Goldman Sachs will announce Q3 earnings this week, and CNBC’s Charlie Gasparino looks into the “PR dilemna” the firm faces, “in handing out huge bonuses to its bankers and traders only a year after needing federal assistance to survive.”
According to Gasparinois, “the firm is preparing to take a number of steps to lessen the public relations hit.” A few steps, such as paying more of the bonuses out in company stock and giving a large charitable donation are on the table.
Gene Marbach, Group Vice President at Makovsky + Company, told PRNewser, “Backlashes typically occur when bonuses are paid by companies that are floundering usually as a means to retain executive talent, as I believe was the case with AIG. In service businesses, the most important asset is people and, if you don’t reward them for performing, you run the risk of losing them.”
Regarding the idea of paying out a higher percentage of the bonuses in stock, Marbach said, “It would be interesting to know the details of the stock bonuses. For example, restrictions on sales, etc. Stock bonuses are good way of aligning management’s interests with those of the company’s shareholders.” On the firm making a large charitable contribution, “The idea is good; however, I think it might be greeted with a certain degree of cynicism,” he said.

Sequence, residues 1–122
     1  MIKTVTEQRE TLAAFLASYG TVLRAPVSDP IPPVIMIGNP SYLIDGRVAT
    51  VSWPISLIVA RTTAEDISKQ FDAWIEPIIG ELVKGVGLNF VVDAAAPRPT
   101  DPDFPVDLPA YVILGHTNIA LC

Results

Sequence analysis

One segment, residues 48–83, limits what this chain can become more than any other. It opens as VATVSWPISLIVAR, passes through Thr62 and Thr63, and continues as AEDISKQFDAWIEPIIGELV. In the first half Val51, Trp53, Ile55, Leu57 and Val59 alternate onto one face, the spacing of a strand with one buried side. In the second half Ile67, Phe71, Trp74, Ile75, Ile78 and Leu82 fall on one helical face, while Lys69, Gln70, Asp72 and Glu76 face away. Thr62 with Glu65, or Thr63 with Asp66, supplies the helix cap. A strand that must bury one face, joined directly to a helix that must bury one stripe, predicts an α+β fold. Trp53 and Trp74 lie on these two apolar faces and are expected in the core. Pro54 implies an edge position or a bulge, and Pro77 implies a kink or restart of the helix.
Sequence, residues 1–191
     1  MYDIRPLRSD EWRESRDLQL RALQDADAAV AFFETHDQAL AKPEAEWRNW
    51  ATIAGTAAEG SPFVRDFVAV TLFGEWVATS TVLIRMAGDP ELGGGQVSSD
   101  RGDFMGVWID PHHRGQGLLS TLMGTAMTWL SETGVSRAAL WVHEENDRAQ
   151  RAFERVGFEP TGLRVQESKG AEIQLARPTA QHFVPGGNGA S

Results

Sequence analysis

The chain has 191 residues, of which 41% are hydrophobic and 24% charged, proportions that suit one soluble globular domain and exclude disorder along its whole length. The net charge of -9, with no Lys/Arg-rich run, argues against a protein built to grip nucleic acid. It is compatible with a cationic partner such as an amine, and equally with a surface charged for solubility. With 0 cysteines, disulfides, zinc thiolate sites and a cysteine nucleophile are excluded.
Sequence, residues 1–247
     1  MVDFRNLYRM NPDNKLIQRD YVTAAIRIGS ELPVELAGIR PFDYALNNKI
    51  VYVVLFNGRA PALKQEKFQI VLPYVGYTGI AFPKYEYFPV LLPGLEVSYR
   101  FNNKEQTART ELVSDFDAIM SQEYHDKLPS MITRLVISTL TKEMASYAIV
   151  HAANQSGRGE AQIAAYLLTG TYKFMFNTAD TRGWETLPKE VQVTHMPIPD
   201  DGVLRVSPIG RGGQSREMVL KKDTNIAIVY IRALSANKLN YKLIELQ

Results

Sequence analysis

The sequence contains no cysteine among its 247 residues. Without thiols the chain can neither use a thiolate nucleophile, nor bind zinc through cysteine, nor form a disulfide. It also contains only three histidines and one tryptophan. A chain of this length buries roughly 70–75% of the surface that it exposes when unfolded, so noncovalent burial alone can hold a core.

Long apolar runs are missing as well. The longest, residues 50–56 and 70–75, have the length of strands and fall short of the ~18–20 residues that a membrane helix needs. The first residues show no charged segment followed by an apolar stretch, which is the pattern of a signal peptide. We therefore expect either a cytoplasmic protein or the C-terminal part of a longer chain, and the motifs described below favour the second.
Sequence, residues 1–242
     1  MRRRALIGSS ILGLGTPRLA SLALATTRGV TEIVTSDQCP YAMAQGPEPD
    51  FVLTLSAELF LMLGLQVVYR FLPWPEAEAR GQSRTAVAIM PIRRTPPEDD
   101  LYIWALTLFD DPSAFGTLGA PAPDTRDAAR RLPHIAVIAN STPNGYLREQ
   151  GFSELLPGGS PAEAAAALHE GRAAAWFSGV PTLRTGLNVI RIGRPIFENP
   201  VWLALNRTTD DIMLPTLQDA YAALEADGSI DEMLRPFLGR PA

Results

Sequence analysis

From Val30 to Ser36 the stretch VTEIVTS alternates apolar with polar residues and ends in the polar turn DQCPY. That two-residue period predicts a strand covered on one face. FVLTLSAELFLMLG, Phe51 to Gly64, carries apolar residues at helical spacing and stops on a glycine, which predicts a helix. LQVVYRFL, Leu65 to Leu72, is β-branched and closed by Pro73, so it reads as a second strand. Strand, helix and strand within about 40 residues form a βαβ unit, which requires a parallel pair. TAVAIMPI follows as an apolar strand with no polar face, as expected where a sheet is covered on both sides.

The CNBC story also notes that CEO Blankfein could increase his visibility via selective media interviews. “He could use such opportunities to discuss the firm’s compensation practices and detail how it determines bonus allocations,” said Marbach.
Not everyone agrees. “The key to providing sound PR advice is to know when it’s best to leave some things unsaid; and Goldman Sachs has virtually nothing to gain by trying to put a positive spin on the bonus issue,” said Richard Dukas, President and CEO of Dukas Public Relations.
“They can try to explain it away and address it proactively, but that’s a huge uphill battle that won’t be effective. For now, they should leave it alone and simply state something to the effect of ‘we are honoring long-term contracts given to employees and executives who are integral to the success of the company’ and then they should go back to discussing their business.”
[Image: Goldman Sachs' offices on 85 Broad St. in Manhattan.]
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